Global PC shipments fell 5.7 percent last year because ... well, you know why: Fewer people want to buy a PC.
It really is as simple as that. Analysts can slice and dice the numbers to try to explain every twist and turn in the industry's demise, but Occam's Razor applies.
In its press release outlining the latest data, IDC clearly subscribed to the "flat is the new up" theory on market growth by noting that fourth-quarter unit sales fell only 1.5 percent. According to the research provider, the results "continued the recent trend of stabilizing growth."
Something needs to be done. Consolidation among players isn't enough -- they tried that and it didn't stop the inexorable price declines that have always been a part of the electronics hardware business.
So now it's time for something new. Like, say, producing a product people actually want to buy.
Think about the last PC you logged in on. Now compare it to the PC you logged on to 15 years ago. See the difference? Nah, didn't think so. Not since Jony Ive decided that Bondi Blue was a good color for a computer have we seen any real innovation in PC design. The technology inside has barely changed either, merely evolving with faster and more powerful systems, which is thanks to the semiconductor industry, not the PC one.
What PC companies need to do now is take the product they make -- little boxes of computing power -- and turn them toward practical applications consumers actually want.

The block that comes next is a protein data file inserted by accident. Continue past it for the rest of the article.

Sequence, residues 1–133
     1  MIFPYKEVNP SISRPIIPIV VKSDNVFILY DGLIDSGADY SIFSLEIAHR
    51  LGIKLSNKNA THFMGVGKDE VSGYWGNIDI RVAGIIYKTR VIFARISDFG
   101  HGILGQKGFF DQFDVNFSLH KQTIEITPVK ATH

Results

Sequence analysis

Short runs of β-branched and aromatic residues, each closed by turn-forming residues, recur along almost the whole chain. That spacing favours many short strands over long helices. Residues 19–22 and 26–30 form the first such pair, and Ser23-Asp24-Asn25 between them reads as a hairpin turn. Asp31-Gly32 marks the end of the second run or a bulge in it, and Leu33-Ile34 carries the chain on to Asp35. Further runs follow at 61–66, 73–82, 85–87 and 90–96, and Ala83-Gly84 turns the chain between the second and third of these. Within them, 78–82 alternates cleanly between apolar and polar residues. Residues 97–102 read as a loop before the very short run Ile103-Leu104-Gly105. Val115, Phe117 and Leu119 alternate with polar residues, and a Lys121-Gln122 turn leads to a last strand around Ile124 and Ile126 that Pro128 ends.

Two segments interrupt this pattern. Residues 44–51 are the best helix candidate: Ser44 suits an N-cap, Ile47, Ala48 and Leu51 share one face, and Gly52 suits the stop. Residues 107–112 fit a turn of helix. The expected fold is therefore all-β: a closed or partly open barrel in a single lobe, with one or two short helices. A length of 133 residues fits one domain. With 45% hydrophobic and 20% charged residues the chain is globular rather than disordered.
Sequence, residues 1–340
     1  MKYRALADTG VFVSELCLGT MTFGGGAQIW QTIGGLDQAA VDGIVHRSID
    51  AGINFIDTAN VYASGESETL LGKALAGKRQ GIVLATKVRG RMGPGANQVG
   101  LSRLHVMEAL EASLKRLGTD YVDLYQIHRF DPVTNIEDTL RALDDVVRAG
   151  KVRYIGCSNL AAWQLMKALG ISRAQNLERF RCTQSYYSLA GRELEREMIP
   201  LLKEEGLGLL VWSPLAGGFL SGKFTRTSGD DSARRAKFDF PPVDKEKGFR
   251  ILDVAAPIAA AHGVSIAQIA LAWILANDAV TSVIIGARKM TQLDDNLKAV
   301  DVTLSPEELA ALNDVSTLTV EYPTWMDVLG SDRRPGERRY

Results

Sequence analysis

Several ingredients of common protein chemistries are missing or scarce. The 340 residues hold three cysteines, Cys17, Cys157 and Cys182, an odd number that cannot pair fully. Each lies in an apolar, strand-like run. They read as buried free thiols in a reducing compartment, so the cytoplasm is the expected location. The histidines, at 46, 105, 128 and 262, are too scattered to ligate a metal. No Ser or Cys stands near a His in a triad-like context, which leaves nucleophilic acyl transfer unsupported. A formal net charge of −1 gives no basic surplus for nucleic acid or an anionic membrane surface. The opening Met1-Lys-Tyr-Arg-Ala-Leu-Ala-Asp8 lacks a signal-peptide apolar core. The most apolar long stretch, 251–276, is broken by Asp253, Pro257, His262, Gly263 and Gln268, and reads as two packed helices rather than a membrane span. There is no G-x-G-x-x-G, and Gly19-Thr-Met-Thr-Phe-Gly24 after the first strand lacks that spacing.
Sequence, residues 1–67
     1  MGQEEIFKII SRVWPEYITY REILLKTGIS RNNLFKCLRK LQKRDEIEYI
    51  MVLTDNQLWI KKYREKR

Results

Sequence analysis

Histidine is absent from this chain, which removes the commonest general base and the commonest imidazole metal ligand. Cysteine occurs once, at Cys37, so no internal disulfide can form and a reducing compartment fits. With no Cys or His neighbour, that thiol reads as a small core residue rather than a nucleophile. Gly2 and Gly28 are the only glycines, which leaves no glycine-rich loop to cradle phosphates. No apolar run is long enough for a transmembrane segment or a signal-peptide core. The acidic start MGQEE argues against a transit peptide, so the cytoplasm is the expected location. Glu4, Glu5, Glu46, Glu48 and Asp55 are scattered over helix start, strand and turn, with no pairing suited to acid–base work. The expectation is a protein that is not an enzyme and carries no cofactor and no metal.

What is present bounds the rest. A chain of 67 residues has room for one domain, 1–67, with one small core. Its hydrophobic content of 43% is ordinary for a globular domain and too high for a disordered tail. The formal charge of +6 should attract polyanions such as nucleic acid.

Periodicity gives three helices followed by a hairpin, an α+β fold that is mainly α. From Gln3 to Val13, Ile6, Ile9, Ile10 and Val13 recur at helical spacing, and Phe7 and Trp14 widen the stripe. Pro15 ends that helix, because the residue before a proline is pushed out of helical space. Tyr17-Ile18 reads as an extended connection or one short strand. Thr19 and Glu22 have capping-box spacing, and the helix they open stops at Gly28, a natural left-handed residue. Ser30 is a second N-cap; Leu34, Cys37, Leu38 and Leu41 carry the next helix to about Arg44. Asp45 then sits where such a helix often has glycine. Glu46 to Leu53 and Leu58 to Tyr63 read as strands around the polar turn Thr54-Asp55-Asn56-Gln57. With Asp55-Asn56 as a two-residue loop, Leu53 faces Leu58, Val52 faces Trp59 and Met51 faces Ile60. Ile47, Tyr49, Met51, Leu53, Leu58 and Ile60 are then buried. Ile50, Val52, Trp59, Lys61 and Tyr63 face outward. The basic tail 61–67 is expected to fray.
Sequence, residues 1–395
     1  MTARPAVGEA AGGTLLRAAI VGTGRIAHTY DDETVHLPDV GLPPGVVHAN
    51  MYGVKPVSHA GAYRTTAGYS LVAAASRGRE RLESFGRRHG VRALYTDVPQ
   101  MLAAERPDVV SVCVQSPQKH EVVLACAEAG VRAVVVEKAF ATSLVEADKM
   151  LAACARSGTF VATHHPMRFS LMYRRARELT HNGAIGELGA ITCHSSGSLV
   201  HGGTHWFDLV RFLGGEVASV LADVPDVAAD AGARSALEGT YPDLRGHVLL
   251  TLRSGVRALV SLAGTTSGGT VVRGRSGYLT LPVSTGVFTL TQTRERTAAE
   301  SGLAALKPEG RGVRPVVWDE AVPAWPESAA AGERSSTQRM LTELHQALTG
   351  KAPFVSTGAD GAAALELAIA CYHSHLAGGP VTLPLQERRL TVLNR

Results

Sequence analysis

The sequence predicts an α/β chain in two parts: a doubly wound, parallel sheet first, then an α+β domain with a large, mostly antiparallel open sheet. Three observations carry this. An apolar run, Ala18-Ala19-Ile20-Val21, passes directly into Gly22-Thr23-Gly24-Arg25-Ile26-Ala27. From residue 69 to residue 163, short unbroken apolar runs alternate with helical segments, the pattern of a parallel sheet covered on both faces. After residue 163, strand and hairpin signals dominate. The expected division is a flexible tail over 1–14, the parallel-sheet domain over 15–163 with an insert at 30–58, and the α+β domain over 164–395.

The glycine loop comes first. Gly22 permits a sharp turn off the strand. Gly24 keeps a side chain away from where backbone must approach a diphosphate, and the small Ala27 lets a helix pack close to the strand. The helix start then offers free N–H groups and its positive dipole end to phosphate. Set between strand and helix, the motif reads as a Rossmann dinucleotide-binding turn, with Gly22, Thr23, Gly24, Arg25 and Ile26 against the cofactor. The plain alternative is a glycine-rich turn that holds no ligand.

Virtual reality is the obvious one. VR is resource heavy and time sensitive, requiring both speed and power. But to date, the major VR players are producing headsets and relying on PC makers to fill that computing void. The exceptions here are Sony Corp., which has leveraged its headset-PlayStation combo to lead the market, and Acer Inc., which is focusing on commercial buyers. PC makers either need to do VR themselves, or buy an existing player.
VR isn't the only arena. Home servers are another segment screaming out for a good supplier. This would essentially be a personal cloud server, storing photos and files, streaming content and acting as the hub for a coming wave of automated services. Instead of relying on the likes of Apple Inc. and Google Inc., a home solution would hand control back to consumers and make PC companies relevant again.
Acer has been trying to kick-start the idea with its Build Your Own Cloud initiative but has failed to gain traction. That shouldn't stop others from trying: A few firms took a crack at smartphones and tablets before Apple showed them how it's done.
When analysts describe a declining market in positive terms, you know things are bad. And for PC makers, desperate times call for desperate measures.
This column does not necessarily reflect the opinion of Bloomberg LP and its owners.
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Tim Culpan in Taipei at firstname.lastname@example.org
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